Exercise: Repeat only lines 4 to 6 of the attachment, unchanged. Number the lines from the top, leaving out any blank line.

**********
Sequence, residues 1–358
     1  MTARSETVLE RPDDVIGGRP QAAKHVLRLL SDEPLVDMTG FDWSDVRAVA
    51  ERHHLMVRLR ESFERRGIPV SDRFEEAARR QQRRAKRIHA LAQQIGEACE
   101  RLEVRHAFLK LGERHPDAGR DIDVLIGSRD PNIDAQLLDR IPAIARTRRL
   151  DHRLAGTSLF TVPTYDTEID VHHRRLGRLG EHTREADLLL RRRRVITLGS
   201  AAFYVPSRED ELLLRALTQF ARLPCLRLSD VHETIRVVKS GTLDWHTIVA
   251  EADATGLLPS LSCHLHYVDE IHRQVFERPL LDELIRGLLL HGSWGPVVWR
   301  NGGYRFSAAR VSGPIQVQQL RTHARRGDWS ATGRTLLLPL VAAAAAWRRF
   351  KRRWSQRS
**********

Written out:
   101  RLEVRHAFLK LGERHPDAGR DIDVLIGSRD PNIDAQLLDR IPAIARTRRL
   151  DHRLAGTSLF TVPTYDTEID VHHRRLGRLG EHTREADLLL RRRRVITLGS
   201  AAFYVPSRED ELLLRALTQF ARLPCLRLSD VHETIRVVKS GTLDWHTIVA